> Strictly speaking, my results make more sense.  Vim help file does not
                          > say that the first value in ffs will be used as the default encoding.

                          Indirectly, it does.

                          :help 'ffs' gives:

                          1. If all lines end in <CR><NL>, and 'fileformats' includes "dos",
                          'fileformat' is set to "dos".
                          2. If a <NL> is found and 'fileformats' includes "unix",
                          'fileformat'
                          is set to "unix". Note that when a <NL> is found without a
                          preceding <CR>, "unix" is preferred over "dos".
                          3. If 'fileformats' includes "mac", 'fileformat' is set to "mac".
                          This means that "mac" is only chosen when "unix" is not present,
                          or when no <NL> is found in the file, and when "dos" is not
                          present, or no <CR><NL> is present in the file.
                          Also if "unix" was first chosen, but the first <CR> is before
                          the first <NL> and there appears to be more <CR>'s than <NL>'s
                          in
                          the file, then 'fileformat' is set to "mac".
                          4. If 'fileformat' is still not set, the first name from
                          'fileformats' is used.

                          For new files created in Vim, there are no line endings yet in the
                          file, so 1, 2, and 3 all fail. Hence, 4 "defaults" to deciding that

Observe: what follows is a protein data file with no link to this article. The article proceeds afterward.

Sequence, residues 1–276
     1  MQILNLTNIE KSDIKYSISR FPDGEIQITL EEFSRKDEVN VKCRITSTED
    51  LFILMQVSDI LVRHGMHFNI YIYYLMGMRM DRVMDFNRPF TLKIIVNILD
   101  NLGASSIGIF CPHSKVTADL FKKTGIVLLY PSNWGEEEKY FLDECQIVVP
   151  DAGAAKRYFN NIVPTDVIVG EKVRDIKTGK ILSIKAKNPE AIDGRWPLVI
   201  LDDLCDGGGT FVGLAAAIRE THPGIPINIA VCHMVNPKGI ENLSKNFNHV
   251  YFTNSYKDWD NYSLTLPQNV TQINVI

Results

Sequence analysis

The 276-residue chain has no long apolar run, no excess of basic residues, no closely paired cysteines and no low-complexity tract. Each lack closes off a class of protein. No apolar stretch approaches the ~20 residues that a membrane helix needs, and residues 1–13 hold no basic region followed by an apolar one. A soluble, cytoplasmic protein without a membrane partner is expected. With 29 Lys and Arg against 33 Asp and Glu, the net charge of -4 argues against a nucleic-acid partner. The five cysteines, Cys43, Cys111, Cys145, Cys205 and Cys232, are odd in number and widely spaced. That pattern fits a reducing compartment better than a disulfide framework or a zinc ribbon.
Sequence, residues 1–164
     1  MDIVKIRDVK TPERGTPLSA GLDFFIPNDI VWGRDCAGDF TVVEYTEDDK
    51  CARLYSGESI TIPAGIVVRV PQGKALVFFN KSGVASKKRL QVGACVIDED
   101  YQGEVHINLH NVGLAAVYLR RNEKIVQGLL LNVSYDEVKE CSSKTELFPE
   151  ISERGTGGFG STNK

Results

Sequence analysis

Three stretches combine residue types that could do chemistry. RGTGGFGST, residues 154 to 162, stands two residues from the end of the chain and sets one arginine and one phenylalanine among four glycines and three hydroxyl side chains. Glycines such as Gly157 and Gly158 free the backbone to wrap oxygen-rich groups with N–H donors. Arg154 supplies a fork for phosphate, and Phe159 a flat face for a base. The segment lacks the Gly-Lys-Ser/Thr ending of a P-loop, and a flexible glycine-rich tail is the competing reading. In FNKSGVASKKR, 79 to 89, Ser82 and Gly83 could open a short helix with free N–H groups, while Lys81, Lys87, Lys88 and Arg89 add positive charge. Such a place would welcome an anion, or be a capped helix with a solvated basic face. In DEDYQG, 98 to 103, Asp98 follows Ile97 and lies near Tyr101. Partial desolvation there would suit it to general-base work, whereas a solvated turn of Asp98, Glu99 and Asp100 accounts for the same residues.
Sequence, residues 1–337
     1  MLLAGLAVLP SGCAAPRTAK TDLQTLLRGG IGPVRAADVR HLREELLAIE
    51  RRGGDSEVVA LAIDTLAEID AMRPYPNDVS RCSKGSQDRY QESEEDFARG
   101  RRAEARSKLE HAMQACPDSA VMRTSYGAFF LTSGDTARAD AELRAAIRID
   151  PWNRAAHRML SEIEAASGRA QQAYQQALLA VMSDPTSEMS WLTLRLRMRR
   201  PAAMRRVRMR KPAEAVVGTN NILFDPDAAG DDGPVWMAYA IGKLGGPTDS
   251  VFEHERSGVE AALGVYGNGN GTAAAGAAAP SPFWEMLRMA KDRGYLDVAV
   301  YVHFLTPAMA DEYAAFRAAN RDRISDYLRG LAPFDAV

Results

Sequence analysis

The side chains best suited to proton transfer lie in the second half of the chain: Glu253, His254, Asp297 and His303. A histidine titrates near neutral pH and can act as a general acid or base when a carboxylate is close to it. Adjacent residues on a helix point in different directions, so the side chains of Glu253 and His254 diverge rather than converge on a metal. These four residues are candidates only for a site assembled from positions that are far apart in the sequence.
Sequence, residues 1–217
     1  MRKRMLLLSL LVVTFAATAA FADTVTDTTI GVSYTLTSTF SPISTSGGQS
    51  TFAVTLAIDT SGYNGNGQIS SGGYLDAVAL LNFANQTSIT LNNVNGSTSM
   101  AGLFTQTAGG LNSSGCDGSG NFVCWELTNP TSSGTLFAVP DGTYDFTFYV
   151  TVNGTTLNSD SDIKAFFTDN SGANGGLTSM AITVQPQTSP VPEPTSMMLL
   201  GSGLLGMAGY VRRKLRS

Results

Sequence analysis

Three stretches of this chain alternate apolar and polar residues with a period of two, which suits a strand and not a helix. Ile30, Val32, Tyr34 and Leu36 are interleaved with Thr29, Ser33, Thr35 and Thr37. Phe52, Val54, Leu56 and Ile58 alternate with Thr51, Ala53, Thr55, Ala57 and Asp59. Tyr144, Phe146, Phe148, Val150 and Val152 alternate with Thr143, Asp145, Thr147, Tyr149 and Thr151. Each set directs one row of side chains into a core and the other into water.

"the first name from 'fileformats' is used.

                          This is actually specified explicitly in :help :new and :help :enew:

                          "If 'fileformats' is not empty, the first format given will be used
                          for the new buffer."

                          > I
                          > would rather think your environment affected.  Did you try with -u
                          > test.vim, as I did?
                          >

                          No, but I tried like this:

                          gvim -N -u NONE -i NONE
                          :set ffs=unix,dos
                          :tabnew
                          :set ff?

                          fileformat=unix

                          gvim -N -u NONE -i NONE
                          :set ffs=unix,dos
                          :new
                          :set ff?

                          fileformat=unix

                          gvim -N -u NONE -i NONE
                          :set ffs=unix,dos